JTF (just the facts): Published in 2014 by Fraenkel Gallery (here). Hardcover (10 x 12 inches), 42 pages, with 18 black and white photographs (reproductions in tritone). There are no essays. Designed to accompany the current exhibition at the gallery (September 11 to November 15, 2014). $45. (Spread shots below.)
Comments/Context: Why should these 18 simple pictures—of empty highways and dark pine trees, a picnic table in a clearing, a scrubby patch of grasses scattered with driftwood, a sandy beach under a gray sky—be so devastating?
Taken in the fall of last year, when Adams was 76, these photographs have autumnal overtones. They describe a trip to Nehalem Bay State Park in Oregon that he has taken frequently with his wife. As he says, in the frontispiece: “The road is one that my family traveled often and fondly. Many of its members are gone now, and Kerstin and I visit the road for the example of the trees.”
Adams knows that his mortality won’t grant him many more years of road trips to the beach. The book can be seen as an expression of praise for the natural realm and for the gift of consciousness he has enjoyed within it—a common sentiment in poetry (by everyone from Li Bai to A.E. Houseman to Mary Oliver) but harder for wordless photography to evoke.
The respect that Adams feels for this gift (and that, by leafing through the pages, we share) is cumulative. The images slowly, unobtrusively build upon each other. The shadows from the pine trees across the road darken, then lighten, then darken again. There is a place to have lunch, if travelers wish to pause. Then it’s onward to the final destination, up a rise through the dunes to the soft, luminous open sky and ocean.
With its limited set of motifs, the series continues the reduction of pictorial gestures that Adams demonstrated in On Any Given Day in Spring and Light Balances, exhibited at Fraenkel and Matthew Marks in 2012. Not that his fondness for two-lane (or one-lane) American highways lined with unheroic flora hasn’t been apparent for decades, in such photographs as Nebraska State Highway 2, Box Butte County, Nebraska, or Abandoned Windbreak, West of Fontana.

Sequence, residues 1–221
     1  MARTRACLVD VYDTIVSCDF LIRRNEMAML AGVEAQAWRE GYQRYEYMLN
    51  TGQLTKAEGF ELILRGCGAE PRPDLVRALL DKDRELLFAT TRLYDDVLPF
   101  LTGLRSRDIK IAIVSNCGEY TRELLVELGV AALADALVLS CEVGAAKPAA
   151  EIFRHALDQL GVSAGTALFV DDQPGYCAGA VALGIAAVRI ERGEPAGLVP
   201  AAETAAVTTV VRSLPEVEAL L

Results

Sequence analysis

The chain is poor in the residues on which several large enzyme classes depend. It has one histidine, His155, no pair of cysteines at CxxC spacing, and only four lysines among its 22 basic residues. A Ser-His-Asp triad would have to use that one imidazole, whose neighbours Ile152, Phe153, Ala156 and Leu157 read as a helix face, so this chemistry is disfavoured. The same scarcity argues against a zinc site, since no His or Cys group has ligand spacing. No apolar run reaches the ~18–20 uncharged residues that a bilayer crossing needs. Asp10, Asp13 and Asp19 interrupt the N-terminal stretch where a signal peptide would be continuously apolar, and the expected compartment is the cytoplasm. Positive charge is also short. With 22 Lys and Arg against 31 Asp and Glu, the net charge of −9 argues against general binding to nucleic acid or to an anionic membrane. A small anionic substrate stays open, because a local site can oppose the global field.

Adams is an artist who would rather belong to a tradition than break with it. He must be happily aware that the theme of trees on a road links him to numerous predecessors in 19th century landscape, including Benjamin Brecknell Turner, Gustave Le Gray, Eugène Cuvelier, and Eugène Atget.
But a belief in America’s moral responsibility for the land is another persistent theme in Adams’s oeuvre, and this series can be read by that political light. Nahalem Bay State Park was founded in 1938, during the New Deal, when state and federal government were increasingly active in buying up tracts of property large and small around the country, and setting them aside for popular use.
By traveling a public highway to a public park, which attracts nearly half-a-million beach-goers and campers to its nearly 900 acres every year, and by photographing the journey in the plainest of styles, Adams seems to declaring that the pleasure of both experience are—and always should be—available to anyone. There is nothing private about either this trip to the beach or anything hermetic about the meaning of the images.
They catalog that most bourgeois of rambling weekend excursions, and, if not for the geologic particulars here of the Oregon littoral, Adams’s photographs might be tracing a couple’s vacation in coastal France, England, Sicily, or northern Europe; or, if not for the Pacific Ocean, a family trip to a state park in Pennsylvania or Arkansas.
The landscape materials that Adams chooses to work with could hardly be more basic. His travels these days carry him neither far nor wide. And yet, better than any photographer alive, he translates the mundane specifics of what life affords him every day with an eloquence—and a shocking intensity—that can pierce your heart.
Collector’s POV: Robert Adams is represented by Fraenkel Gallery in San Francisco (here) and Matthew Marks Gallery in New York (here). Adams’ photographs have become increasingly available in the secondary markets in the past decade, with prices ranging between roughly $5000 and $87000.